·        Build equity (increased when using a Park Model)

·        Ability to borrow against equity in your vacation home

·        Potential for significant profit when selling

·        Creates an investment you can pass on to heirs

The following chart shows some NC RV Parks/Campgrounds that sell lots.  This list is provided as examples only and some details may have changed.  Be sure to contact the individual Park for up-to-date information.  I have included website links when available.

DEEDED PARK MODEL LOTS/RV LOTS IN NORTH CAROLINA

Name:

Coral Sands Point Recreational Village

Location:

High Rock Lake, Lexington, NC

Lot Prices:

$75,000 – $85,000

Special Features:

Boating, Each lot is waterfront with individual dock (pier and floater)

Cabins for Sale:

Yes but you do NOT have to buy from the Park owners

Website:

www.coralsandspoint.com

Name:

Valley River RV Resort

Location:

Murphy, NC

Lot Prices:

$85,000 (creekfront) to $149,000 (riverfront)

Special Features:

NC Mountains

Cabins for Sale:

No

Website:

www.valleyrivervresort.com

Name:

Blue Ridge Mountain Motorcoach Resort

Location:

Lake Toxaway, NC

Lot Prices:

$95,000 – $149,900

Special Features:

Note – only allows motor coaches – NO PARK MODELS

Cabins for Sale:

No

Website:

www.outdoor-resorts.com

 

Placing a Park Model in Other Locations

Maybe you bought a lot in the mountains years ago and are ready to convert it into a vacation home but you just can’t afford the time and money involved in building a cabin.  A Park Cabin may be the perfect solution.  As long as you have water, septic, and electricity to the property, just have the cabin delivered, plug it in, and you are ready to go!!

One other rarely recognized use for Park Models is as extra personal living space that is only required temporarily.  These days, with so many of us caring for aging parents, and children that come back home, extra living space can be crucial.  However, these situations are temporary and even if you have adequate property to add on to your primary residence, the cost may outweigh the benefits. The solution? A Park Model!! 

Specific counties and townships may have zoning or other restrictions regarding placing Park Cabins on your property so be sure to check before you plan.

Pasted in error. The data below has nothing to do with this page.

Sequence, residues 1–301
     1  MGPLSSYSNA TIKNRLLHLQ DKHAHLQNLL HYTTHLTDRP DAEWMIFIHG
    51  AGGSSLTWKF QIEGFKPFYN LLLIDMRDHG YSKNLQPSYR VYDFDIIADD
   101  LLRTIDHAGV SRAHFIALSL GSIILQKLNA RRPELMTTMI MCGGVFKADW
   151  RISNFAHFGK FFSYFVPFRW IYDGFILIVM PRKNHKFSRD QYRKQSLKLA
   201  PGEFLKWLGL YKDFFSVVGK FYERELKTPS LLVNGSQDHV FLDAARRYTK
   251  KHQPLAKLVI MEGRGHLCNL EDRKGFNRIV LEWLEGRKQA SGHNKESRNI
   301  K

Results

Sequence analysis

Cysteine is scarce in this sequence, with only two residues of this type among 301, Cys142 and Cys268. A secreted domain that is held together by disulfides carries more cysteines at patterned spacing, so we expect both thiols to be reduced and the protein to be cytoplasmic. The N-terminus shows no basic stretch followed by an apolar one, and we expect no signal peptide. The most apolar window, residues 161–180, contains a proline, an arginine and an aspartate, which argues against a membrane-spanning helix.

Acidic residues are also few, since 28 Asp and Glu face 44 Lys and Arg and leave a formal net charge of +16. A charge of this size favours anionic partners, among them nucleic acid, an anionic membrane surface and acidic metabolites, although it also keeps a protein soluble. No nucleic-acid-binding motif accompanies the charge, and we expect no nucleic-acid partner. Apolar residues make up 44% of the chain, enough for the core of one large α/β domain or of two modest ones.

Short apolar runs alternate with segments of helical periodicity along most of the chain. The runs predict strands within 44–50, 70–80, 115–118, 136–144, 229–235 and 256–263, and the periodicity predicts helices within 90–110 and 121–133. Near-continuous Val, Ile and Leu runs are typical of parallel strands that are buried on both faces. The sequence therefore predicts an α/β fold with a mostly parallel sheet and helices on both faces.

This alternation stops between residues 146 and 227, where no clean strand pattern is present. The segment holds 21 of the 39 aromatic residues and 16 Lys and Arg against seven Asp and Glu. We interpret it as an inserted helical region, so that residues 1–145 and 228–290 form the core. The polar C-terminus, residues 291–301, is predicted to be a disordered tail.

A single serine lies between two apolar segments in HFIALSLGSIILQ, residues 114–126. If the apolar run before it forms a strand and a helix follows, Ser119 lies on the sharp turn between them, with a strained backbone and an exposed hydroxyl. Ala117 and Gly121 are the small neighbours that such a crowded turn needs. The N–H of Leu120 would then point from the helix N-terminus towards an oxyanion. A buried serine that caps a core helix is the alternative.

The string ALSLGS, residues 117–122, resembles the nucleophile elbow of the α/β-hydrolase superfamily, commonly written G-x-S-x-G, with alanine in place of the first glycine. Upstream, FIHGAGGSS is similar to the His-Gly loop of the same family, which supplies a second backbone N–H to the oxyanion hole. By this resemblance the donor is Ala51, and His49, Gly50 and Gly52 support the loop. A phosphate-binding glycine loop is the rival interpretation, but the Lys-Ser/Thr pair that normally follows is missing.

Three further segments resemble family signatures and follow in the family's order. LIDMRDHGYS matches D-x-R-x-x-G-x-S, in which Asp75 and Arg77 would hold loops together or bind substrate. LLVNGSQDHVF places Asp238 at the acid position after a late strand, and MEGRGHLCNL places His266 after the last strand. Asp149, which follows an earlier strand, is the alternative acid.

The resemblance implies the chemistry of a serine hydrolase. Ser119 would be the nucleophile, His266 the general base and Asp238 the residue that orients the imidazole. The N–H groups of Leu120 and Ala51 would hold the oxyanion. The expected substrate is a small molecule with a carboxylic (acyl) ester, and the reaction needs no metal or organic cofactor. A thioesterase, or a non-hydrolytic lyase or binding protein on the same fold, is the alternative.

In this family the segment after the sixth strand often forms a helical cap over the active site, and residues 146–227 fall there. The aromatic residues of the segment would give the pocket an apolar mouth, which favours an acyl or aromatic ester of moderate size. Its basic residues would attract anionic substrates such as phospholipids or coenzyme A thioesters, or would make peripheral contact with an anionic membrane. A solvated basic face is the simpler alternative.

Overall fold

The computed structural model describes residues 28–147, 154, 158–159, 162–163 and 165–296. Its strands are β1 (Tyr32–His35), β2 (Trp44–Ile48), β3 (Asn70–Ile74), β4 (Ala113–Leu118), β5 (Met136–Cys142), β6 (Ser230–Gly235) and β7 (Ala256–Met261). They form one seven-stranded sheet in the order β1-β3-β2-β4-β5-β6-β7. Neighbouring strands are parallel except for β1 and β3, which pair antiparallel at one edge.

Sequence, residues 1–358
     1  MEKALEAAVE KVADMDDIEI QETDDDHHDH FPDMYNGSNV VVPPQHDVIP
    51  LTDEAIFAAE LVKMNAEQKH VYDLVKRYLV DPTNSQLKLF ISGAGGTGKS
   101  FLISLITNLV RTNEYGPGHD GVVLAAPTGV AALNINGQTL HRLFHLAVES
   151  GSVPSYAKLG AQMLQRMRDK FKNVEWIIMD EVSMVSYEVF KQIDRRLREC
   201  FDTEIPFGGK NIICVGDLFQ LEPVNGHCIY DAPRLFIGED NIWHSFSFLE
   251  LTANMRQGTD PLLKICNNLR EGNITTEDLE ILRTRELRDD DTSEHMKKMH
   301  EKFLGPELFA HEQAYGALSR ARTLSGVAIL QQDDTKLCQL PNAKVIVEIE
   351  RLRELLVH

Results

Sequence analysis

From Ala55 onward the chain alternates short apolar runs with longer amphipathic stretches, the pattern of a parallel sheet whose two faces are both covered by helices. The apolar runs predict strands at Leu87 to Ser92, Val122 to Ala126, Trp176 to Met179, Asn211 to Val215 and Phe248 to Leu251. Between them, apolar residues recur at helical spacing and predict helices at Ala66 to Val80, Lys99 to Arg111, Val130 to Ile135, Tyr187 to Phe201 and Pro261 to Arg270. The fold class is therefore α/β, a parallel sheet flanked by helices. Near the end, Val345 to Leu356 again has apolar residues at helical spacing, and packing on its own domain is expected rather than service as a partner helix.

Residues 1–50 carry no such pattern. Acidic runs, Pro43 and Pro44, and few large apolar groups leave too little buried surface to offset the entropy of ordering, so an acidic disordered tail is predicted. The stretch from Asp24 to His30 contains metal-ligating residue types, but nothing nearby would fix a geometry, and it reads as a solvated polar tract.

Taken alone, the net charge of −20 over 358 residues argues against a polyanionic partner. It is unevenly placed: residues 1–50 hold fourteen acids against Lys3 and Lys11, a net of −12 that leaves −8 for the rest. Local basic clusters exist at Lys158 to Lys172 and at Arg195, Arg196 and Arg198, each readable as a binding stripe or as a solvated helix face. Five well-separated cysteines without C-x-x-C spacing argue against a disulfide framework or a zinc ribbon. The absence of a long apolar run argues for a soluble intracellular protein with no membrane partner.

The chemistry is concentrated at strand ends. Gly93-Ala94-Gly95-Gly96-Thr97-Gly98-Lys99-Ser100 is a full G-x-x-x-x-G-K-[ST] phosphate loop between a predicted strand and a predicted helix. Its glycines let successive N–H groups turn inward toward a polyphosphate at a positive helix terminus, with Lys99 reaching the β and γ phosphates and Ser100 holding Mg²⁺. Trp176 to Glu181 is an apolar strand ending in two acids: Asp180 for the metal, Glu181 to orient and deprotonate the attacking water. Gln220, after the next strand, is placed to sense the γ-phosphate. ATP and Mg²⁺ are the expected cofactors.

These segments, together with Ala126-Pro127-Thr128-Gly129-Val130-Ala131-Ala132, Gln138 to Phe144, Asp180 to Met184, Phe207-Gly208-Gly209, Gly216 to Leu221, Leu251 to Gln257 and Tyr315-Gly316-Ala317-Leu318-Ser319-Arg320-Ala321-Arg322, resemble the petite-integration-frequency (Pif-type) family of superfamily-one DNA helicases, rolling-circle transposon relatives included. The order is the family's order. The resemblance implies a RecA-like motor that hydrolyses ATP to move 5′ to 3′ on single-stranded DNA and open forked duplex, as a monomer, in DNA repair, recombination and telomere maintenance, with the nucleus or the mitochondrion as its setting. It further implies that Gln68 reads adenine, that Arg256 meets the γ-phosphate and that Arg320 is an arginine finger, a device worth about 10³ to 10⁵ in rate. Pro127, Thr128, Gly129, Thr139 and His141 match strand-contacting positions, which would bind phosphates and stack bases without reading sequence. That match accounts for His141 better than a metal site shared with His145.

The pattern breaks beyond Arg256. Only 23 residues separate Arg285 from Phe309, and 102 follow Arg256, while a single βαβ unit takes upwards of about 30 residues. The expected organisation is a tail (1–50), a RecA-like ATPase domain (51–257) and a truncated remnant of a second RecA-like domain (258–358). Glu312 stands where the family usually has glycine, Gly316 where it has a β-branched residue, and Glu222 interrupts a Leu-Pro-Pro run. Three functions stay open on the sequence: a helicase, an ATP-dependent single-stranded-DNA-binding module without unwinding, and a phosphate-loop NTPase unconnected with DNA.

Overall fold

What is a Park Cabin/Park Model?

Park Cabins, also known as Park Models, are recreation vehicles primarily designed as temporary living quarters for recreation, camping, or seasonal use. They are built on a single chassis, mounted on wheels and have a maximum of 400 square feet of living space. (Sleeping lofts and porches/decks are not included in this square footage restriction.)

Although they can be narrower, Park Cabins usually have a maximum width of 12 feet, must be transported with special movement permits from the state highway department and are usually sited in a location for an extended term.

There are actually 2 types of Park Models, depending on the building code that was used to construct it.

  1. HUD code Park Models are built to the national Housing and Urban Development building code similarly to a mobile home.  These are the least common and are most often used in disaster relief areas for temporary housing while permanent housing is being rebuilt.  You don’t usually see these in RV parks or campgrounds.  These homes are labeled with a HUD sticker.
  2. ANSII code Park Models are certified as complying with ANSII A119.5 construction code for recreational vehicles.  Although considered a Recreational Vehicle (RV), ANSII code Park Cabins typically appear, when blocked and skirted, similar to a small cottage.  These cabins are labeled with a sticker certifying that it meets the ANSII A119.5 code.  In many cases, this certification is provided by the Recreational Park Trailer Industry Association (RPTIA) but not always. It may be certified by another third party engineer allowed to certify such structures.

For all discussions on this site, we are refering to the ANSII code Park Cabins.  Here are some examples from different portions of our state.

Well, is it a mobile home or an RV?  In a later post I will explain how, when, and why, in North Carolina, a Park Model may be considered an RV and when it may be treated as a small mobile home.